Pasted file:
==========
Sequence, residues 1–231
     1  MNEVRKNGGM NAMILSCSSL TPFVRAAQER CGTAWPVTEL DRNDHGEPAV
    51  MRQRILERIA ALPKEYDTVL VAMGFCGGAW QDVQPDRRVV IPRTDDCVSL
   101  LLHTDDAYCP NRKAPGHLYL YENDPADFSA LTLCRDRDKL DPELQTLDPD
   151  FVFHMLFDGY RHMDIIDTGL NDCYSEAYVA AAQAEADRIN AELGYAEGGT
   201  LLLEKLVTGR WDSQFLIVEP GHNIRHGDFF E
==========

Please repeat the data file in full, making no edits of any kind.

Sequence, residues 1–231
     1  MNEVRKNGGM NAMILSCSSL TPFVRAAQER CGTAWPVTEL DRNDHGEPAV
    51  MRQRILERIA ALPKEYDTVL VAMGFCGGAW QDVQPDRRVV IPRTDDCVSL
   101  LLHTDDAYCP NRKAPGHLYL YENDPADFSA LTLCRDRDKL DPELQTLDPD
   151  FVFHMLFDGY RHMDIIDTGL NDCYSEAYVA AAQAEADRIN AELGYAEGGT
   201  LLLEKLVTGR WDSQFLIVEP GHNIRHGDFF E